SEVERAL years ago Kofi Kingston had a secure office job and a career path mapped out.

But he wanted to follow a different direction – and swapped desks and computers for drop kicks and clotheslines.

Now Kofi's a star with World Wrestling Entertainment, the biggest wrestling company on the planet, and heading to the Braehead Arena on Thursday night for the Wrestlemania Revenge tour.

Yet it was a big decision for Kofi to make that leap.

"It's always a gamble but in my mind I was very confident and I think you have to be of that mind-set," he says.

"There are no guarantees and I walked out of a secure, salaried job, which is a big risk for anybody.

"On top of that, not everybody makes it, and going back to old photos [of his early days in WWE there are always people who have come and gone so it's a tough business. But if you have a dream you need to follow it."

The acrobatic Kofi has certainly managed to make it. His athletic, high-flying style has made him a popular figure among WWE fans, and he's lifted several of the company's titles during his time there.

Although wrestling (or sports entertainment, as the WWE refer to themselves) has predetermined matches, it still requires athletic ability, as well as a grasp of performing before large crowds. For Kofi, he always had that ability in spades.

"Growing up I was in a few different plays and I was the captain of my high school wrestling team so I am used to being a leader and performer," he explains.

"I was even in a step team [a form of percussive dance] so I've always been one to enjoy the limelight. I always try to put myself in the crowd's shoes and think 'what would I want to come away from the arena with? What would get me talking to all my friends?'"

Born in Ghana, Kofi's parents moved to America when he was a young child, and while growing up he became a wrestling fan.

After debuting in 2006, he was snapped up by the WWE and eventually brought to their main roster in 2007, where he has been a mainstay ever since, always playing the role of a good guy.

But the cheerful star admits he wouldn't mind turning to the dark side if the company's storylines demanded it.

"Everybody on Twitter seems to want me to turn bad," he laughs.

"I would try my hand at anything and I think I could do it well."

Whether he was portraying a hero or a villain, Kofi is quick to stress his duties outside the ring, being involved in various charitable activities.

"There are so many things we do outside of the ring," he says.

"We do a lot of work in schools on anti-bullying through our 'Be A Star' campaign where we try to teach kids tolerance and respect, and if we reach one or two kids then we've made a difference.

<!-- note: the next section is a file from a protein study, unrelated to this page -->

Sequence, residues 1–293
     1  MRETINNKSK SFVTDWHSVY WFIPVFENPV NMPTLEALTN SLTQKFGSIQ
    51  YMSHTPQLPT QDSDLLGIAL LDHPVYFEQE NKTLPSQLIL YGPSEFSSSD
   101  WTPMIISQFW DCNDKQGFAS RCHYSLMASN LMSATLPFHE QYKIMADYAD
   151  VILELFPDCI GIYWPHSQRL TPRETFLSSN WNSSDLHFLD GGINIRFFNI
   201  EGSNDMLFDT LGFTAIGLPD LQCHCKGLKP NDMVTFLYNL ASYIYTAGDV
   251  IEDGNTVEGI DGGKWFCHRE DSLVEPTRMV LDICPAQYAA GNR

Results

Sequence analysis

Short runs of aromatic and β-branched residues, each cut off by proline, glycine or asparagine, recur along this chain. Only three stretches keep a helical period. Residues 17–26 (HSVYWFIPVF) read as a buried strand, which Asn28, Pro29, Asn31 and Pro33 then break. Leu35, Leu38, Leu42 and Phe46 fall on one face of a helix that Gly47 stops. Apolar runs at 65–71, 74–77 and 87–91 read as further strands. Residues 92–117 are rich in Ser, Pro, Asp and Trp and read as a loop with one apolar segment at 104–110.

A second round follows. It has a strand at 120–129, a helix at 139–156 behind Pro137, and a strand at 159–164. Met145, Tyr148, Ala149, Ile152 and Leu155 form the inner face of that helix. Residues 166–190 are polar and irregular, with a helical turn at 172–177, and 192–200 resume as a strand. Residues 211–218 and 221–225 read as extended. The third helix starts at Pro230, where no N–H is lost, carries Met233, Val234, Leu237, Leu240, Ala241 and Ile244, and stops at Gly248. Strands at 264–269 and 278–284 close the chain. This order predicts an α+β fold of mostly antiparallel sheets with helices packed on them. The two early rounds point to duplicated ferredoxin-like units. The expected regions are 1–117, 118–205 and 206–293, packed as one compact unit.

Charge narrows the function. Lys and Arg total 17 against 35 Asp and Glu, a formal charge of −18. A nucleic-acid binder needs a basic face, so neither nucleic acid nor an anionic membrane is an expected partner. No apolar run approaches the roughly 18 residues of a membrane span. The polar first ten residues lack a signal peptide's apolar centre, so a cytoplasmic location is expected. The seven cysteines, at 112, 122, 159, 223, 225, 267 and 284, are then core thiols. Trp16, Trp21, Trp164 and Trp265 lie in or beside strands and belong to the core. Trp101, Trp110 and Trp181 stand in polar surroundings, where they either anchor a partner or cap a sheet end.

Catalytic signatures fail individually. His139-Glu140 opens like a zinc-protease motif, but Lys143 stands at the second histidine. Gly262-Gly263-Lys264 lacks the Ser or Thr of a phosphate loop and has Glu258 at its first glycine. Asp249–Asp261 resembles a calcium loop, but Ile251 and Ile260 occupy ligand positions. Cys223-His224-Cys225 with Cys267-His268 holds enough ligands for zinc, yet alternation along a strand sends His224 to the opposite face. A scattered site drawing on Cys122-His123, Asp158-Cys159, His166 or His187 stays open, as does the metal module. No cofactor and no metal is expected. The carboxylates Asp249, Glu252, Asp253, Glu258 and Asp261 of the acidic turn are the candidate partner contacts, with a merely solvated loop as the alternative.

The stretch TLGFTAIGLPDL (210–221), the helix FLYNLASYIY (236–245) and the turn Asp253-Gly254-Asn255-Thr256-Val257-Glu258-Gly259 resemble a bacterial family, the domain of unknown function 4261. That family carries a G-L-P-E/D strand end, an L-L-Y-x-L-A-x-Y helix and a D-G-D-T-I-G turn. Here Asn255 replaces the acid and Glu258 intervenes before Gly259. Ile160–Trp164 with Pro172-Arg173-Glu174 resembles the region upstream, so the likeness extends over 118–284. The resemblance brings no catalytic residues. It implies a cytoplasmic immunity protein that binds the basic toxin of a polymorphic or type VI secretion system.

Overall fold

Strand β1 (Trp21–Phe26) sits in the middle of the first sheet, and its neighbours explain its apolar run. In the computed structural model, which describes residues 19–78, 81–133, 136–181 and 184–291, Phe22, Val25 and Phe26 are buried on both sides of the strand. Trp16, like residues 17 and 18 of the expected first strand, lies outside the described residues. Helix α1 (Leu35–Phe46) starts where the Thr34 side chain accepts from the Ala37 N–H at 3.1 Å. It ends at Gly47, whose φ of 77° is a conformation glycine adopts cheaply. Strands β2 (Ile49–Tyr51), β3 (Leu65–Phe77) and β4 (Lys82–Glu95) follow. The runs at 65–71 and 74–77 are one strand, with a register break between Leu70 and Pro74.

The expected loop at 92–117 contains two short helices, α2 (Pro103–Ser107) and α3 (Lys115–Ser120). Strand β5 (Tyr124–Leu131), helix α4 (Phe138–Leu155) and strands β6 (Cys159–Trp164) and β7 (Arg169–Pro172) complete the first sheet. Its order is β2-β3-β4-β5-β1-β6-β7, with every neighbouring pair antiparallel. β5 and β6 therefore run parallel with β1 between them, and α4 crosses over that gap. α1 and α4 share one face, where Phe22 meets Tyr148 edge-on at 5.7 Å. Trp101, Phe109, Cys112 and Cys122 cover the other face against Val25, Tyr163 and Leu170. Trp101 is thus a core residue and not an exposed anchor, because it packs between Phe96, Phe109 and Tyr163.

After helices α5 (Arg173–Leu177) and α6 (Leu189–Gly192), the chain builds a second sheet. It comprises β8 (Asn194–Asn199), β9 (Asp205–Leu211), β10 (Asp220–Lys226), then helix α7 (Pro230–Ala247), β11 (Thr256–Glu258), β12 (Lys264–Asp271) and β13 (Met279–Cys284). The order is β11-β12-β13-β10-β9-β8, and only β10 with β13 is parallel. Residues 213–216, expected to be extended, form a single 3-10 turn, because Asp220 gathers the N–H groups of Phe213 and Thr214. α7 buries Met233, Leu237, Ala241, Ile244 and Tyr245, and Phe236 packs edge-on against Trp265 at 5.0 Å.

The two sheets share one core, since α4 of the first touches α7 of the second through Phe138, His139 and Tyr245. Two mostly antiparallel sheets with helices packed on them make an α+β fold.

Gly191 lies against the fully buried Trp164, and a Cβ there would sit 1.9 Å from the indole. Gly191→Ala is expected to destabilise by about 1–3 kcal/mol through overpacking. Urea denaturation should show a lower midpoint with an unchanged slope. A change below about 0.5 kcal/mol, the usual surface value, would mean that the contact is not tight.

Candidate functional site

"By default WWE Superstars are role models."

When it comes to matters inside the ring, however, Kofi hasn't had the best luck recently.

He didn't appear at the company's biggest show of the year, Wrestlemania, which took place before more than 70,000 people in New York at the start of April.

Various past grappling greats like Brock Lesnar and the Rock, now better known for his acting work, took the top matches on the card. However Kofi insists there's no annoyance at the company's part-time veterans being at the top.

"The Rock and Brock Lesnar have really paved the way for guys like me," he adds.

"Maybe somewhere down the line we can be the ones coming back for the big appearances and there is certainly a desire for young talent to come through to high profile matches. I'm sure you'll see that in the coming years."

There's one wrestler from the older generation that Kofi would love to see return, though – the self-styled Heartbreak Kid, Shawn Michaels, who retired three years ago.

As Michaels was a hero of Kofi's, he'd love to work with him.

"Shawn Michaels would be my dream opponent because in my mind he's the greatest of all time," he says.

"I've never seen him have a bad match so to be there in the ring with Shawn would be amazing. He is one of the biggest reasons for me getting into the WWE."

For now though, he's just hoping to bring his Boom Drop move to Glasgow.

"We come to the UK twice a year and everybody is always fired up to see us," he adds.

"This is one of the tours we look forward to the most as the environment and culture are both very different to the USA. We often hear some pretty unique football chants at the Scottish shows."

n WWE, Braehead Arena, Thursday, £30-£60, 7pm.